SME lending rises

Monday 7 September 2015

As confidence grows in the UK economy, banks are becoming more willing to lend to small to medium-sized enterprises (SMEs). The latest figures from the Bank of England show that SME lending rose in the second quarter of 2015, reflecting the wider business climate.

Overall, net lending on the part of banks involved in the Bank of England’s Funding for Lending scheme rose by £490 million between April and June. This comes in the wake of a rise of £648 million for the first quarter.

Access to finance can be a major factor in an SME’s success, particularly when it comes to expanding during times of prosperity. However, some banks can be reluctant to lend to smaller companies, as they may regard them as a higher-risk investment. Given the importance of SMEs when it comes to revitalising the economy, this is not a desirable situation for the UK as a whole.

Over recent years, difficulties in obtaining traditional bank loans have led many SMEs to look at alternative finance arrangements such as peer-to-peer lending and invoice finance. While these are becoming an increasingly established part of the small business landscape, many companies still prefer the terms of a traditional bank loan.

The Bank of England set up the Funding for Lending scheme in August 2012, as part of a government bid to boost the economy in the midst of the recession. However, it was reformed in early 2014 after concerns were raised that it was providing mortgages rather than support to SMEs.

As it currently works, the Funding for Lending scheme allows banks to borrow £5 from the Bank of England for every £1 that they lend to SMEs. Since its inception, banks have accessed £61.4 billion of Bank of England loans thanks to their provision of loans to SMEs.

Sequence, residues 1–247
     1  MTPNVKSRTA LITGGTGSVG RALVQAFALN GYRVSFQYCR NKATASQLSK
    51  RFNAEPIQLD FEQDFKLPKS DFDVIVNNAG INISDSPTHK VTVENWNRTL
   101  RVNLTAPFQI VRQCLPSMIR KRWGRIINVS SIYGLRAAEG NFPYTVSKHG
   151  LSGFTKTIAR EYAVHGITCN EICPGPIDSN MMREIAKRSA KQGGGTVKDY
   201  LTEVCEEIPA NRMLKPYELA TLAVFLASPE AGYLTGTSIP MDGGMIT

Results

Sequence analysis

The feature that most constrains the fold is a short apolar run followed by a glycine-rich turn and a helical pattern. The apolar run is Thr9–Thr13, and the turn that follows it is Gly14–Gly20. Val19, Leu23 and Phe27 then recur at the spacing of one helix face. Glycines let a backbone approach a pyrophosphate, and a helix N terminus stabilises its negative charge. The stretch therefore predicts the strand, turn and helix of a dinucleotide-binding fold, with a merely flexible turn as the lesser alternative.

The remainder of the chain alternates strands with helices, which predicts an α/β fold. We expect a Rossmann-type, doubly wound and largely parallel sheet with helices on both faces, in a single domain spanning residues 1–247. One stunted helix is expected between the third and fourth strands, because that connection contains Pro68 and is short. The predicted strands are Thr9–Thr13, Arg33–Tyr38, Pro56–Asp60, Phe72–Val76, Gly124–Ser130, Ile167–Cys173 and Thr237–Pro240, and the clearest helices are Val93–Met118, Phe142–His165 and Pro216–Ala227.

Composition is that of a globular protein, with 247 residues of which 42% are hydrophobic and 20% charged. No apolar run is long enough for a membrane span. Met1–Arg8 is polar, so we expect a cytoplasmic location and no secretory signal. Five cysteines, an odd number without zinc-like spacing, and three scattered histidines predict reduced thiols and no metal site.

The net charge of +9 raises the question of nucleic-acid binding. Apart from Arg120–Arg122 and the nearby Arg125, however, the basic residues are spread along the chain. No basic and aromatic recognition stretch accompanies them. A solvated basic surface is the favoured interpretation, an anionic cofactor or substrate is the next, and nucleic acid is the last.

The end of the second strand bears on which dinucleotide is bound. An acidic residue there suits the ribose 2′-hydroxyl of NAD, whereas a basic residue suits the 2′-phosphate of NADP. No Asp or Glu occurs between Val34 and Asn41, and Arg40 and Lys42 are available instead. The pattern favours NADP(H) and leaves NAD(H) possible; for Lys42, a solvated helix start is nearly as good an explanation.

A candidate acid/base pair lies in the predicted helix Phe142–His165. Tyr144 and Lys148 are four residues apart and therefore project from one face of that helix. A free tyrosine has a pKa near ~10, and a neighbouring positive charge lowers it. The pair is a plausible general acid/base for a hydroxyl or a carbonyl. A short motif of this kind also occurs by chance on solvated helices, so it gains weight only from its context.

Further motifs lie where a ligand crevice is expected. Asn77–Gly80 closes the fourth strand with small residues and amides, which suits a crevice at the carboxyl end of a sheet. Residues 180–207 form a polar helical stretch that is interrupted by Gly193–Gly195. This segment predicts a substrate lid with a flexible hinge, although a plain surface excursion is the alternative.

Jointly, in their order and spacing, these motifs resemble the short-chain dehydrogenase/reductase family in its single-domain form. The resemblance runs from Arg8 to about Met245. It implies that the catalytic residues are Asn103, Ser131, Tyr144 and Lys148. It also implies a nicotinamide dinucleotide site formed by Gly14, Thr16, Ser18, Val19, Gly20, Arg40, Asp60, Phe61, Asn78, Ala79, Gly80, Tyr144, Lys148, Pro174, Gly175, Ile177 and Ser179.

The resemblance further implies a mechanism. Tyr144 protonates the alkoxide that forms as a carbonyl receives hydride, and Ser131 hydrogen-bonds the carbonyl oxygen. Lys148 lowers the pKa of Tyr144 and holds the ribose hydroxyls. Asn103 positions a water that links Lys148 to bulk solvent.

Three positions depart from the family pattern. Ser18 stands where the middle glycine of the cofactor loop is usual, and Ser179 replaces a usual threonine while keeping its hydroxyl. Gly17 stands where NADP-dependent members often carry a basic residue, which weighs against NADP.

Speaking to the Daily Telegraph, Irene Graham, director of business finance at the British Bankers' Association, said: "Banks are using the Funding for Lending Scheme to lower the cost of borrowing for businesses. This means that lenders are offering a range of highly competitive deals at a time when interest rates are already at a record low.”

The latest figures mark a significant improvement, as the amount of SME lending fell by a substantial £400 million during the same period in 2014. The level of change over a 12-month period suggests that business confidence has significantly improved in a relatively short amount of time.
If you are considering expanding your business, then it can help to talk to your accountant, to make sure that you have a manageable and sustainable business plan, and know what you plan to do with any loans you decide to take out.


By Victoria McDonnell

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